What is Artistic Surrogacy?
Artistic Surrogacy is a method of sharing artistic concepts through performances, presentations, experiences, and objects which are shared, in that one person’s (or several persons) ideas are placed in the hands of another (or a group) to be executed with care in the absence of the originator (s). While choreography is like this - where dancers are the vessel of the choreographer - artistic surrogacy is different, in that the work can take place between people of different training, different artistic genres, even. The goal of artistic surrogacy is to find creative ways of embodying and bringing to life work that is not inherently yours, with respect to differences in demographic, culture, training, geography, etc., of the collaborators. In essence, artistic surrogacy is a way of transmitting ideas across borders, across bodies, in ways that uphold the core values of the work, while leaving room for translational growth.
Artistic Surrogacy Rationale:
The concept of artistic surrogacy is inspired by several issues related to artist travel, both actual travel, and perceptions related to artist travel. In the collective imagination, it is often assumed that if one is successful in the arts, one travels. It is also often assumed that local artists are not as valuable as artists who come from elsewhere, compelling many artists to travel to be in spaces where they and their work are not as familiar to audiences in those spaces. Beyond issues of such perceptions, artists find very real barriers to travel which ultimately inhibit them from participating in the artistic landscape set forth by current dominant paradigms. While issues of travel and the need for a body to physically inhabit a specific space could be easily surmounted through digital media alone, it is important to note that live performance and face-to-face interaction are important facets of our cultural tapestry; ones that offer both performers and audience members opportunities for connection, empathy, and reminders of the physical spaces we inhabit in the midst of a digitized era. Artistic surrogacy seeks to mitigate issues of travel for artists who wish to creatively send their work out into the world and collaborate with artists not in their geographic vicinity. Artistic surrogacy seeks to create instances where artists living in less resourced areas can share their ideas and their work. If successful, artistic surrogacy would work to bolster local arts activity and variety, and help change paradigms of how the arts are perceived and experienced by everyone involved. Ultimately, artistic surrogacy opens the doors to a democratic exchange of ideas with opportunities for artists to reframe and expand the boundaries of their own work and practice, while working toward the health of the artistic community as a whole, and by extension, the world in which we live.
Barriers to travel and the Dissemination of Work:
-- Institutional considerations - arts institutions, educational institutions, and other types of institutions have historically, and continue to amplify the voices and work of artists who fit dominant societal narratives, or fulfill requirements for funding quotas. This model of presenting entities perpetuating competitive platforms for representation often leave artists from marginalized and/or under-resourced backgrounds out of the representational landscape. How can artists working together help to create a more inclusive artistic landscape? How can cross-cultural (not to be read as only international collaborations) collaboration through a spirit of mutual respect, care and desire for learning about others help to create a new artistic experience?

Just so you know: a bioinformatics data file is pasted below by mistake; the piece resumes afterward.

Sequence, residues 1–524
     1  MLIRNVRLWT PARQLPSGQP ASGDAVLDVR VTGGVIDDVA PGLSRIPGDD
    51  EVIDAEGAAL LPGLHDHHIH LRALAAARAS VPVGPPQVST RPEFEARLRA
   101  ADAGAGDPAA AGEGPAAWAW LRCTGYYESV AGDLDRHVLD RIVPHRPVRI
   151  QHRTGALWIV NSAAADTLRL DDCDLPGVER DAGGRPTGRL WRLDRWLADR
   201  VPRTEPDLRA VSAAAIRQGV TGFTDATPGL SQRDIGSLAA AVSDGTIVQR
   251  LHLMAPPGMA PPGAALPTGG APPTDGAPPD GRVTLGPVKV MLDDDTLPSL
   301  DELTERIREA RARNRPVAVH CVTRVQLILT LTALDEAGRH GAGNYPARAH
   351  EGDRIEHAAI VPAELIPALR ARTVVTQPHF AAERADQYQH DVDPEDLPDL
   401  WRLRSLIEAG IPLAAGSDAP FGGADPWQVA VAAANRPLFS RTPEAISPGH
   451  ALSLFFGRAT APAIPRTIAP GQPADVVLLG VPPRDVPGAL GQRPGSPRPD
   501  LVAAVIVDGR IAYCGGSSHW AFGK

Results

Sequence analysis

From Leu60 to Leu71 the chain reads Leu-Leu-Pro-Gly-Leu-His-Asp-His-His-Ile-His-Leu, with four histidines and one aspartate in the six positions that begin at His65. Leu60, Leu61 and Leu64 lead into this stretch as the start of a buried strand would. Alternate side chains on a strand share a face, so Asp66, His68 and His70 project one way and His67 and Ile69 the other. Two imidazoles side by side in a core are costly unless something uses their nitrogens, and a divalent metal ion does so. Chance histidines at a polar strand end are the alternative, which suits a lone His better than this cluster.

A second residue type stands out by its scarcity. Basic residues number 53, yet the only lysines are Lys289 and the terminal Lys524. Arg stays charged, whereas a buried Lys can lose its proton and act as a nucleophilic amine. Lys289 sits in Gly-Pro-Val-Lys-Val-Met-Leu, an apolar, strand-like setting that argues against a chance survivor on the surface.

-- Environmental considerations - travel - air travel especially, is damaging to the environment. Studies show that the impact of air travel includes heat, sound, gas and other chemicals. How would reducing the amount of car and air travel in the arts contribute to environmental repair? How can artists be agents of change by demonstrating creative solutions to issues related to lifestyle and the environment?
-- Gendered considerations - (mostly) women who are caretakers (of children, or other family members) find it more difficult to travel than their male counterparts who take on statistically less responsibility when it comes to familial duties. Often, this barrier to travel has implications for successful art careers, where one’s merit is often based on how widely one’s work is presented. How can artists mitigate issues of gender inequality in the arts? How can artists help shift attitudes with regard to notions of success, and women in the arts?
-- Geographic considerations - those who live in isolated areas where access to travel might be difficult are often those also looked over by presenting organizations, would-be collaborators, and audiences at large. Those living in places lacking artistic infrastructure may also find that finding collaborators and suitable arts spaces at home can be difficult. How can artists be creative about including those who are less resourced in the artistic landscape? How can artists help shift people’s thinking about others in more isolated, less resourced areas of the world?
-- Financial considerations - travel is expensive! As funding for the arts continues to be precarious, many who don’t already have access to discretionary funds for travel find it difficult to juggle necessary expenses with artistic ones. How can artists make commentary on the financial landscape of the arts in constructive ways? How can artists challenge the current financial landscape?
"A Treatise on Generational Trauma," a portion of the first Artistic Surrogacy experiment with artist/healers Ekua Adisa and Kate Morales, with Cara Hagan as surrogate.